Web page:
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Online home of Jeremy Scheff

OffscreenCanvas pain points

I am working on a side project that makes heavy use of the Canvas API and I cam across OffscreenCanvas which seemed to have some compelling features. Wouldn't it be nice for performance to do all of my rendering in a web worker? Well I gave it a try, but wound up not going forward with it due to several reasons:

1. Browser support

OffscreenCanvas originally was only in Chrome. Firefox recently added support. But it's still not in Safari. So if you want to use it, you'll need a fallback using a normal canvas. Which isn't really too hard, but it's more code to test, and you can't rely on any performance gains from OffscreenCanvas to make your app usable, since you probably still want it to work well in Safari.

2. SVG support in workers

One of the things I was doing was rendering SVGs to the canvas. That works fine in a normal Canvas. But for an OffscreenCanvas you run into problems because Chrome doesn't have a good way to rasterize SVGs in workers, and also has no plan to improve the situation. So I'd be stuck doing that work on the main thread and then sending bitmaps to the worker. That partially defeats the purpose of using OffscreenCanvas in the first place, which is to offload work to a worker.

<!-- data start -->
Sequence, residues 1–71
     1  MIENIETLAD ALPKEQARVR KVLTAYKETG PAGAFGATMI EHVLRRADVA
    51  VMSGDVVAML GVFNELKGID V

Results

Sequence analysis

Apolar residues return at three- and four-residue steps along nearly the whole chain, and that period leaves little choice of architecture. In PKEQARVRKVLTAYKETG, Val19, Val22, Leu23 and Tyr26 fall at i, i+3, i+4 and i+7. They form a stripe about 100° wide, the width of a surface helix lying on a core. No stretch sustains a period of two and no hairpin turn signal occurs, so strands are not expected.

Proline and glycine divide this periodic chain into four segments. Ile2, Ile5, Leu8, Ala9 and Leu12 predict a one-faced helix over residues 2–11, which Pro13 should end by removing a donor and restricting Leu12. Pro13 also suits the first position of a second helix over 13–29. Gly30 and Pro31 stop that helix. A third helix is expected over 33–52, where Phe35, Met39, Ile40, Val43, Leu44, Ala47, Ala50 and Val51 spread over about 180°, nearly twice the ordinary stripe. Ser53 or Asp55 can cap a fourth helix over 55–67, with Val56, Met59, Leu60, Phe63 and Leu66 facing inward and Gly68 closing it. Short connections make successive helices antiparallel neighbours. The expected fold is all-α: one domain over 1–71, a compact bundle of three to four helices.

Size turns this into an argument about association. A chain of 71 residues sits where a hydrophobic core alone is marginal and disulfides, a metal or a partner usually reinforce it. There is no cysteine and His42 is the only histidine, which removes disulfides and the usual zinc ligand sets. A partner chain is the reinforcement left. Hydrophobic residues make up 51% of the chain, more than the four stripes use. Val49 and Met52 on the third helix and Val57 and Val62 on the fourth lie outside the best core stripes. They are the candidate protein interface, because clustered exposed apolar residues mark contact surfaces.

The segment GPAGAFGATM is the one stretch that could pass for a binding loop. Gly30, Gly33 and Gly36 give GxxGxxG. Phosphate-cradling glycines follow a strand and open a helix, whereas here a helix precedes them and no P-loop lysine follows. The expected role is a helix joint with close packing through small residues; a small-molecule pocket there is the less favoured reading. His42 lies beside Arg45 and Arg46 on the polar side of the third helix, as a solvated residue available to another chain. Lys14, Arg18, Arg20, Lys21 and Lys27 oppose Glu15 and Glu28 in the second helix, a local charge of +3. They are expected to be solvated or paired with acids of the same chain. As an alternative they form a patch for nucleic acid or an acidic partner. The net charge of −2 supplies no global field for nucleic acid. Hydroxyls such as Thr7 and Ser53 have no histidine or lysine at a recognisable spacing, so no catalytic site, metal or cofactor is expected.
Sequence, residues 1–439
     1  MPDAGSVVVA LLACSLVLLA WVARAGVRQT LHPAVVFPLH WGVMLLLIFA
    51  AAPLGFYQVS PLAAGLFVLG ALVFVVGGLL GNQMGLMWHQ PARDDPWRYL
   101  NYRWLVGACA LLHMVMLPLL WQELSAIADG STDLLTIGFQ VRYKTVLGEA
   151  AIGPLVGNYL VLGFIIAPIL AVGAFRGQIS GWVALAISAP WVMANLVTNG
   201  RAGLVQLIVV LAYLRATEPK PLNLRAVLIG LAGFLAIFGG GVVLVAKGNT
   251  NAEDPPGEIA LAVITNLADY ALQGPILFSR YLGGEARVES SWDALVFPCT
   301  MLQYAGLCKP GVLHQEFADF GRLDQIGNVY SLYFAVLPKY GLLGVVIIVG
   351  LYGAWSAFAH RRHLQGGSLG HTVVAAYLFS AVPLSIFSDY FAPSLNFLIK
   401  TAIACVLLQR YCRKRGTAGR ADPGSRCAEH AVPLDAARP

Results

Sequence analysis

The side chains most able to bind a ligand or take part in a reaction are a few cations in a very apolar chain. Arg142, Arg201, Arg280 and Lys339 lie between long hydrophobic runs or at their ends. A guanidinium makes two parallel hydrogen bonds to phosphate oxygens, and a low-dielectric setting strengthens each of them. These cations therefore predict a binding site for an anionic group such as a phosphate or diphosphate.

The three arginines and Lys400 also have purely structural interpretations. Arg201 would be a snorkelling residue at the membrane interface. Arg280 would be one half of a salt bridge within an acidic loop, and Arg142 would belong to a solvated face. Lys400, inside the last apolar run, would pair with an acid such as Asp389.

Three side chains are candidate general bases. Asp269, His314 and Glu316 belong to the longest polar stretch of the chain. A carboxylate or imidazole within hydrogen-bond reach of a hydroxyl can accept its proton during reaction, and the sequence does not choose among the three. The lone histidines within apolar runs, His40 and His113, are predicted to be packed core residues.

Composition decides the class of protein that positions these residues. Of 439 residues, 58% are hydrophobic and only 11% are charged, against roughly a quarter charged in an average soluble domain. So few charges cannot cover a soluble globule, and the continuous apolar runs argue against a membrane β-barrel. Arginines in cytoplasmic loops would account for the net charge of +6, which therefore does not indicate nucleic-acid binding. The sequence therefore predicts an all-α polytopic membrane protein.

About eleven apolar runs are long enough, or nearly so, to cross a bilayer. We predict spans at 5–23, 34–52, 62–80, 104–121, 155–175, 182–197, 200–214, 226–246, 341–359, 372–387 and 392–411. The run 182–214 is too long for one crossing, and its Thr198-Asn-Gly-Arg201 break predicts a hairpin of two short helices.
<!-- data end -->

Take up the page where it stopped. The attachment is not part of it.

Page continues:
3. UI interaction performance

What if you want to respond to clicks on your canvas? Well, that's still happening in the main thread, even if you use OffscreenCanvas. So if something is blocking the main thread, you still need to wait for that to complete before responding to the event. And then when you do respond to the event, there is the (small yet non-zero) overhead of communicating between the main thread and the worker. There is a proposal to improve this situation, but it doesn't seem to have much momentum.

A similar problem exists for apps that have use both canvas and normal HTML elements in their UI. You can't access the DOM from the worker, so if you're going to keep your application state/logic in the worker, then you'll have some communication overhead to send that info to your HTML UI. That's especially problematic if you have some computationally intensive thing happening in the worker - you have freed the main thread from rendering the canvas with OffscreenCanvas, but other UI elements will still be laggy if they need to communicate with a busy worker.

4. Suspending animations in inactive tab

This one is more minor than the others, but I'm just putting it here for completeness.

Normally, if you're rendering something to a canvas in a requestAnimationFrame loop, that loop gets throttled when the tab is inactive, automatically saving a lot of CPU resources. For whatever reason, this throttling seems to not happen if the same code is running in a worker in an OffscreenCanvas. Sure you can write your own logic to detect this situation and throttle your own loop, but that's kind of annoying when it works for free normally.

Conclusion

There are surely some niche cases where the above concerns don't apply, but for most projects, I don't think there is much to gain from OffscreenCanvas currently. Basically any type of parallel processing in JS is a challenge.